VI. During the oral proceedings the applicants requested that the decision under appeal be set aside. Departing from their submission at first instance, they requested that their European patent application be accorded a filing date of 1 January 1990.
VII. The applicants submitted in support of this new request that, in view of the circumstances on the date of filing (21 December 1989), it would have been apparent to the EPO that the applicants were interested in designating Denmark: (1) With the exception of Greece they had designated all the states.
(2) The entry into force of the European Patent Convention for Denmark was legally guaranteed and had been announced in the Official Journal of the EPO.
(3) It therefore followed that Denmark could be designated before expiry of the time limit for claiming priority (28 January 1990).
(4) That this was indeed the applicants' intention was clearly shown by their having paid the designation fee on 12 January 1990.
(5) The fact that on 18 January 1990 the applicants had subsequently filed the priority document, which was absolutely identical to the European patent application, clearly showed that the European patent application did not contain any extension of the subject-matter claimed in the priority document and that they therefore could have had no particular interest in claiming a filing date earlier than the expiry of the time limit for claiming priority. Given the above circumstances, it was apparent on the date of filing that the applicants were also interested in designating Denmark.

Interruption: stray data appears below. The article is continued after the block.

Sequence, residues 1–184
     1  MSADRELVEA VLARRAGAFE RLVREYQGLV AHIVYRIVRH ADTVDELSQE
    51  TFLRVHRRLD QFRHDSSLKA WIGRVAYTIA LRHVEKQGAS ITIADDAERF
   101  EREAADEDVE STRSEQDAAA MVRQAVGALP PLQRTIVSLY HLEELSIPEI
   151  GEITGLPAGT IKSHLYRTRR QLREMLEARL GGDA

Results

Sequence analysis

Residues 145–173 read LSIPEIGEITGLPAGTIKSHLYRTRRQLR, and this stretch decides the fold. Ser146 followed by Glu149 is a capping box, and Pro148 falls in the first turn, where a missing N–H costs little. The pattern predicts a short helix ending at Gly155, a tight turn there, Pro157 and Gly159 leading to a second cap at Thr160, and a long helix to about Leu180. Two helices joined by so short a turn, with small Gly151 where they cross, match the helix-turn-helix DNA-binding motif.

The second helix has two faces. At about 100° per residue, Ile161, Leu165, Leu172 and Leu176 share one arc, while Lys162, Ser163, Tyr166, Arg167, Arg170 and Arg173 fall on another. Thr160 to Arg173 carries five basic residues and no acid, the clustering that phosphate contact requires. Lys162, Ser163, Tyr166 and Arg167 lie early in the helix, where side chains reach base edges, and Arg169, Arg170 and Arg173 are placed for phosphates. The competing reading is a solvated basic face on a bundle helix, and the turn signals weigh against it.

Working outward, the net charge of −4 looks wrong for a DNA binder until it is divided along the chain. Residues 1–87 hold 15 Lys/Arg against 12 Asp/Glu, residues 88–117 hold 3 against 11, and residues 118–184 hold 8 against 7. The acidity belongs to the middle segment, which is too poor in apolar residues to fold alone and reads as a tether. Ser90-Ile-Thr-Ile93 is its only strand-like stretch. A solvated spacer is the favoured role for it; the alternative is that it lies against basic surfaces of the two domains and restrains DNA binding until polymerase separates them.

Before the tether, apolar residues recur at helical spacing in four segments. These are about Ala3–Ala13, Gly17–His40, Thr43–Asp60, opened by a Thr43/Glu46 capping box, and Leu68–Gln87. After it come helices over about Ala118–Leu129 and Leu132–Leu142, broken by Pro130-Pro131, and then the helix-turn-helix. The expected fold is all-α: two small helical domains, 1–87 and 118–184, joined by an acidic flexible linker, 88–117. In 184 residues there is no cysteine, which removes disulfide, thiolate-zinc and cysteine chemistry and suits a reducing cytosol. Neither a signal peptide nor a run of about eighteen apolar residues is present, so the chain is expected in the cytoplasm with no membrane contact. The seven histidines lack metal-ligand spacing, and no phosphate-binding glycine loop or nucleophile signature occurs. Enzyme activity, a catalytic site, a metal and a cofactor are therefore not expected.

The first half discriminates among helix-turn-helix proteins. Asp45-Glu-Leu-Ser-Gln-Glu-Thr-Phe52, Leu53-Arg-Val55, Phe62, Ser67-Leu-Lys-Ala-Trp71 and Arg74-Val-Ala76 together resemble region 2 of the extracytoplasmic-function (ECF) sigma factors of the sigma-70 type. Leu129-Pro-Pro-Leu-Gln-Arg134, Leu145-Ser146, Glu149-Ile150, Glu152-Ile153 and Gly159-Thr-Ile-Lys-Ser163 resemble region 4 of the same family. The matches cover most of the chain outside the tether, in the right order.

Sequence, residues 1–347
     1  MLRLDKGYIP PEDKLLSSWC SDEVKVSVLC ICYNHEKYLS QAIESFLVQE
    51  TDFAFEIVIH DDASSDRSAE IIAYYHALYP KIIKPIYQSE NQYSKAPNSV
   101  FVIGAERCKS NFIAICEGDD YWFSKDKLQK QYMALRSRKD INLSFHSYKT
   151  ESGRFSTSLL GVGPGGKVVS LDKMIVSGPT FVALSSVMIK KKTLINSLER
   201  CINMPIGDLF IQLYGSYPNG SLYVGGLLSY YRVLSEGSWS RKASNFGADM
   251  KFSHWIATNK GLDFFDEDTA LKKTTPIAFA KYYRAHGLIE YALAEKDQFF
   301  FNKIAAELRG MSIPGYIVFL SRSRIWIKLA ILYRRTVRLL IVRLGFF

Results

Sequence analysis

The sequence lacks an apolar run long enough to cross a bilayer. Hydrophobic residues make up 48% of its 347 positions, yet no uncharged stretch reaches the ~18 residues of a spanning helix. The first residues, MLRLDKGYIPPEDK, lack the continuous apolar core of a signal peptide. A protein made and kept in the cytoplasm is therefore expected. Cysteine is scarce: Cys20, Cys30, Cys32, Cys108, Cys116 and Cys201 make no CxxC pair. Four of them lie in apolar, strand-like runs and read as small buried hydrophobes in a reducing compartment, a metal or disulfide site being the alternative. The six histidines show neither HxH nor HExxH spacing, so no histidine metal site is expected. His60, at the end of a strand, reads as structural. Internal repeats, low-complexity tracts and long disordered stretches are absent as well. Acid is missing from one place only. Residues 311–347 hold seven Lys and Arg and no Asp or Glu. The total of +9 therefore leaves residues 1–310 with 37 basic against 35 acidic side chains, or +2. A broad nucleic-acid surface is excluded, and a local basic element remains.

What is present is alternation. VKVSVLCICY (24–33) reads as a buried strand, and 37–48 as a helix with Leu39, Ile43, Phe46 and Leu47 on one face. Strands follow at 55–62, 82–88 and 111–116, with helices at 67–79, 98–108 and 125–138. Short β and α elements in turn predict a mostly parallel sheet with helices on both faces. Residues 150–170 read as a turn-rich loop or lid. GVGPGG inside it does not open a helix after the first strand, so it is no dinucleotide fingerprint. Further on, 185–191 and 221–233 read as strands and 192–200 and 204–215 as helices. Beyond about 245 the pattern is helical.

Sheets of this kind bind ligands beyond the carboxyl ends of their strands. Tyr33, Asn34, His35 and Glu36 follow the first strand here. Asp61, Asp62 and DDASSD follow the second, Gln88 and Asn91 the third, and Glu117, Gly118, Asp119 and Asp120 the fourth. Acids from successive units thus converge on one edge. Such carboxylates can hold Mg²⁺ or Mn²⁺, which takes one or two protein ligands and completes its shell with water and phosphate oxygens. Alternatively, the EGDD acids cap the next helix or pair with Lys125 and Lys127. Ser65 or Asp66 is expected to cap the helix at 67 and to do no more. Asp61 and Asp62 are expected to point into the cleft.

VIII. The views expressed by the President in his written and oral comments are essentially in accord with those of the Board (differences, however, in the case of J 18/90 - Canon of 22 March 1991, OJ EPO 1992, 511). During oral proceedings the applicants' representative was given the opportunity to reply to the President's comments.
Reasons for the Decision
1. This appeal case is the first in which the Legal Board of Appeal has invoked Article 12a of the Rules of Procedure of the Boards of Appeal, under which it may invite the President of the European Patent Office to comment on questions of general interest arising in the course of proceedings pending before it. The Board therefore feels this is a good opportunity to set out the following observations.
1.1 Article 12a was inserted into the Rules of Procedure of the Boards of Appeal by a decision of the Administrative Council of the European Patent Organisation of 7 July 1989 (OJ EPO 1989, 361) and reads as follows:
"The Board may, on its own initiative or at the written, reasoned request of the President of the European Patent Office, invite him to comment in writing or orally on questions of general interest which arise in the course of proceedings pending before it. The parties shall be entitled to submit their observations on the President's comments."
In the preparatory document of the Administrative Council the considerations giving rise to this amendment were explained as being that in matters of general importance, landmark decisions might be given a broader basis if the President of the EPO were able to point out circumstances relevant from his point of view. In many Contracting States the national patent office was either a party to appeal proceedings or was heard by the second instance.